Journal of Pharmacy And Bioallied Sciences

DENTAL SCIENCE - ORIGINAL ARTICLE
Year
: 2014  |  Volume : 6  |  Issue : 5  |  Page : 131--134

Analysis of prevalence and clinical features of multicystic ameloblastoma and its histological subtypes in South Indian sample population: A retrospective study over 13 years


Manickam Selvamani1, Andamuthu Yamunadevi2, Praveen S Basandi1, GS Madhushankari1,  
1 Department of Oral and Maxillofacial Pathology and Microbiology, College of Dental Sciences and Hospital, Davangere, Karnataka, India
2 Department of Oral Pathology, Vivekanandha Dental College for Women, Tiruchengode, Namakkal, Tamil Nadu, India

Correspondence Address:
Dr. Manickam Selvamani
Department of Oral and Maxillofacial Pathology and Microbiology, College of Dental Sciences and Hospital, Davangere, Karnataka
India

Abstract

Objective: The study was designed to analyze the frequency and clinical features of multicystic ameloblastoma and its histological variants in South Indian sample population, as there is minute information available in the English literature. Methodology: The study source was the biopsy specimens retrieved from the archives of the Department of Oral and Maxillofacial Pathology, College of Dental Sciences, Davangere, Karnataka, India, during the past 13 years, from 2001 to 2013. Clinical data for the study were obtained from the case records of patients and the analyzed clinical variables were age, gender and anatomical location. Histologically, hematoxylin and eosin stained sections fitting the World Health Organization (2005) criteria for diagnosis of multicystic ameloblastoma were selectively included. Results: Of the 3026 biopsy reports analyzed, 103 cases were odontogenic tumors (3.4%) and 58 cases were ameloblastoma. 31 cases of multicystic ameloblastoma, including follicular ameloblastoma (54.8%), acanthomatous ameloblastoma (29%), plexiform ameloblastoma (6.5%), granular cell ameloblastoma (6.5%) and desmoplastic ameloblastoma (3.2%) were recorded. The age of the patients during the presentation of the lesion was ranging from 21 to 73 years, with a mean of 39.5 years. The most frequent clinical manifestation was swelling, followed by a combination of pain and swelling. In our study, ameloblastoma showed distinct anatomic predilections for occurrence in mandible (96.8%) rather than maxilla (3.2%). This study result also indicated that there is geographical variation in the frequency and distribution of ameloblastoma.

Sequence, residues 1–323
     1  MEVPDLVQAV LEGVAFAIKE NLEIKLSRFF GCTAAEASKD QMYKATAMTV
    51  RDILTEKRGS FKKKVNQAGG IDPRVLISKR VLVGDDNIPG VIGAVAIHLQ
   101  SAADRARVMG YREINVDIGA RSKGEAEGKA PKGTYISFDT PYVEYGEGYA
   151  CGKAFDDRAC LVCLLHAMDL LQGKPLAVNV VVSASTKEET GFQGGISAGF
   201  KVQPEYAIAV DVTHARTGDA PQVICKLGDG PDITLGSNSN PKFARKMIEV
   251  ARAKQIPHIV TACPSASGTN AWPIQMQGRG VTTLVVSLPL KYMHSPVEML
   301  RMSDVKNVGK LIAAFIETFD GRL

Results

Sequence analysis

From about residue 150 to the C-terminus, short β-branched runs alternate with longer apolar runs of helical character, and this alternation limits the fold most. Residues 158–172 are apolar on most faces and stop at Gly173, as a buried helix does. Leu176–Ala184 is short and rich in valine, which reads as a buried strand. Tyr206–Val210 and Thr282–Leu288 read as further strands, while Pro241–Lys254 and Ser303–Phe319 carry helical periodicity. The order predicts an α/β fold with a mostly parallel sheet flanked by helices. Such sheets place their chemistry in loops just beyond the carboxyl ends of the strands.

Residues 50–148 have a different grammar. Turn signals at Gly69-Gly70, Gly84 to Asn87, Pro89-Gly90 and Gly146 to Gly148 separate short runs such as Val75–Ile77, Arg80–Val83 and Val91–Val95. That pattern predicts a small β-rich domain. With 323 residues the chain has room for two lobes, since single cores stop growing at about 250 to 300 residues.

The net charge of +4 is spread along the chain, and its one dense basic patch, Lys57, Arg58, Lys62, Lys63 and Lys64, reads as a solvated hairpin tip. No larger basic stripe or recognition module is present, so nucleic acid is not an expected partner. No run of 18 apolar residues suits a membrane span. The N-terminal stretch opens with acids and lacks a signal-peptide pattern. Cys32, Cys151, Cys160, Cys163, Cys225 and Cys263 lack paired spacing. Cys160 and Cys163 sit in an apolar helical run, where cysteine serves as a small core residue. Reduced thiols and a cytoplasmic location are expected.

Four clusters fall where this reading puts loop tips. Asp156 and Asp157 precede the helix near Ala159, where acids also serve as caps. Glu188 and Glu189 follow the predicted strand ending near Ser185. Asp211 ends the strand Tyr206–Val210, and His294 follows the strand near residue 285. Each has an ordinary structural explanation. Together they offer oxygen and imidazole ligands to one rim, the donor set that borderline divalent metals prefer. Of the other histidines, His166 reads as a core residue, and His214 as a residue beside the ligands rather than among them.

How to cite this article:
Selvamani M, Yamunadevi A, Basandi PS, Madhushankari G S. Analysis of prevalence and clinical features of multicystic ameloblastoma and its histological subtypes in South Indian sample population: A retrospective study over 13 years.J Pharm Bioall Sci 2014;6:131-134


How to cite this URL:
Selvamani M, Yamunadevi A, Basandi PS, Madhushankari G S. Analysis of prevalence and clinical features of multicystic ameloblastoma and its histological subtypes in South Indian sample population: A retrospective study over 13 years. J Pharm Bioall Sci [serial online] 2014 [cited 2020 Jul 7 ];6:131-134
Available from: http://www.jpbsonline.org/text.asp?2014/6/5/131/137419


Full Text

Odontogenic tumors (OT) encompass a group of heterogenous lesions arising from the odontogenic epithelium or its remnants, when these odontogenic cell rests get entrapped within the bone tissue or gingival tissue of the jaws. [1] These tumors have a broad range of clinical presentations from hamartomatous or nonneoplastic proliferations to benign or malignant neoplasms with varying degree of aggressiveness and metastatic potential. [2]

Ameloblastoma forms the most common of all OT [3],[4] and can be conventional solid/multicystic (86%), unicystic (13%) or peripheral (1%) [5] in clinical presentation. Exclusively, solid/multicystic variant alone is analyzed in the present study and according to World Health Organization (WHO) 2005 [6] solid/multicystic ameloblastoma is defined as "a slowly growing, locally invasive, epithelial OT of the jaws with a high rate of recurrence if not removed adequately, but with virtually no tendency to metastasize." [6] Histopathologically, there are various subtypes of solid/multicystic ameloblastoma, of which follicular, plexiform, acanthomatous, desmoplastic, granular cell, and basal cell subtypes are most commonly studied. [5]